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There is no need for mixture control in a jet. In a FADEC engine, (Full Authority Digital Engine Control) the computer meters the fuel. In a non-FADEC turbine engine the FCU, (Fuel Control Unit) is an electro-mechanical device that meters fuel according to inputs such as throttle position, inlet temperature, burner pressure, etc.

I think you are mistaken about turboprops having mixture control. I haven't flow a turbine TBM, but neither the C-208 or T-34 both with PT6 turbines had a mixture control. The lever you are thinking about is probably the fuel condition lever. It looks similar, but performs a different function.

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    $\begingroup$ It has nothing to do with automation. Turbine only has one input to control, the fuel, so there is simply no need for another lever. $\endgroup$
    – Jan Hudec
    Jan 28 at 15:52
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    $\begingroup$ @JanHudec, I didn’t say anything about automation other than casually mentioning FADEC. Old FCU engines also have just one lever, as I stated. $\endgroup$ Jan 28 at 16:03
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    $\begingroup$ My point is that the presence of FCU or FADEC is completely besides the point here – the main reason is that the fuel flow is the only controlled input, whether via FADEC, FCU or directly (at least Kodiak has option for direct control for case the FADEC fails, the pilot just has to closely watch the temperature), so there is simply no use for a second lever. $\endgroup$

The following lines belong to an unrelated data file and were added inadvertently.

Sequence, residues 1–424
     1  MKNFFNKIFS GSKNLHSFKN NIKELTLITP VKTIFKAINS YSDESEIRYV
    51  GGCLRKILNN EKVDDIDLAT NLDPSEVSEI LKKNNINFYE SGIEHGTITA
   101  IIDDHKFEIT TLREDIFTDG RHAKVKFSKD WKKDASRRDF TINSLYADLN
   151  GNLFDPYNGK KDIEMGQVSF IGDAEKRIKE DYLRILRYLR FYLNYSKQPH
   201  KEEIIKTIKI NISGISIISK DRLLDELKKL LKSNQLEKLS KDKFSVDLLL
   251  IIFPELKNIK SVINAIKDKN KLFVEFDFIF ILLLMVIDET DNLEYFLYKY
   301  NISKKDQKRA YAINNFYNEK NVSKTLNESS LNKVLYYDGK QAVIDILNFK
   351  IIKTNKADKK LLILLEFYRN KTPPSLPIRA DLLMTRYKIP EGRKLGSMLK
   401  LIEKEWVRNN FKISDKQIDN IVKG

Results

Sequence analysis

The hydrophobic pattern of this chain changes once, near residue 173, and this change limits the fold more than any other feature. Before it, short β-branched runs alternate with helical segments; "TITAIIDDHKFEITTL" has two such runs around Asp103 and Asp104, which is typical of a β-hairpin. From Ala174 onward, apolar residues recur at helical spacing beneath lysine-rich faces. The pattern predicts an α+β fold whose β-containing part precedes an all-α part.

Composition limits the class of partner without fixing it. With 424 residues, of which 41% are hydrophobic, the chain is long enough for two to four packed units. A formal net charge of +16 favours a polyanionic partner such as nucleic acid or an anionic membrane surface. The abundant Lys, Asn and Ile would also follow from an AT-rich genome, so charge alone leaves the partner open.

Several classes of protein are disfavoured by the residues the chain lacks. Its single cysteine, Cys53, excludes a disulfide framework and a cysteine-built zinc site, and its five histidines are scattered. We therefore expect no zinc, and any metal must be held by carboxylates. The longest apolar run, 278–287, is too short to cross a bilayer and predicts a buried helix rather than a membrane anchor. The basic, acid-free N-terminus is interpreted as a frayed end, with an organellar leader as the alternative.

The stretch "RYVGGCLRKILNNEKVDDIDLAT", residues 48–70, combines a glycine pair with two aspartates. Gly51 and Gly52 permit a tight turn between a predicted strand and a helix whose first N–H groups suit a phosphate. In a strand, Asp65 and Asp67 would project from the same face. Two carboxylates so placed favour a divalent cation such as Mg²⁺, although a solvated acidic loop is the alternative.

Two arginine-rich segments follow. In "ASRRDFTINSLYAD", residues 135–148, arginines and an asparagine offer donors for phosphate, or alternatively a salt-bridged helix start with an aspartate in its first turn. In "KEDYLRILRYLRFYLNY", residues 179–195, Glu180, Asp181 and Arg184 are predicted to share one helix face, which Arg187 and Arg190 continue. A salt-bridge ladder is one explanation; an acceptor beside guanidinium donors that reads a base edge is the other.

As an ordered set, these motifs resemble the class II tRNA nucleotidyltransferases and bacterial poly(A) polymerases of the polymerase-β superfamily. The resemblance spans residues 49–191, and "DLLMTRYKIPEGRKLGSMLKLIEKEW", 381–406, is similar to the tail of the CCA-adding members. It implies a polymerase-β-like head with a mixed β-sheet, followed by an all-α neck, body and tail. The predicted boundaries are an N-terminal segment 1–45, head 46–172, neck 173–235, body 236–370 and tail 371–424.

– Jan Hudec
    Jan 28 at 16:09
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    $\begingroup$ @JanHudec but it is not beside the point. It is just as relevant as mentioning carburetor, throttle, or fuel injection in this context. Because the pilot does NOT manually meter the fuel with the power lever. Unless, as you point out, the FCU fails and you have to use the EPL. $\endgroup$ Jan 28 at 16:13
  • $\begingroup$ Thank you everyone! All of these answers and comments have fully answered my questions. $\endgroup$
    – Boeing787
    Jan 29 at 17:15
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The question is not that prop planes have mixture controls, but that piston engines usually come with them.

The reason is exceedingly simple. Aircraft engines manage fuel/air mixture using a system that is very unlikely to fail catastrophically: the pilot. There is no reason why a computer couldn't take over the function, except the excessively convoluted certification process (for many good reasons) that makes it cost prohibitive.

There have been single-lever aircraft piston engines out there (the WW2 era Fw190 comes to mind as an early example), but far too often they have not withstood the test of market conditions and time. Today a few production piston aircraft come with the necessary electronics to forgo the mixture control.

The reason for turbine engines automating those controls is that the tolerances for acceptable fuel/air mixtures are much tighter. In a piston engine key components are operating hundreds of degrees below their melting point. By comparison, a turbine engine might only be 50 degrees short of where things start to dramatically change their ductility. While theoretically a human might be able to manage the fuel/air mixture of a turbine engine as a full time job, the probability of human error causing expensive engine damage (or worse) is just too high. Hence the automation.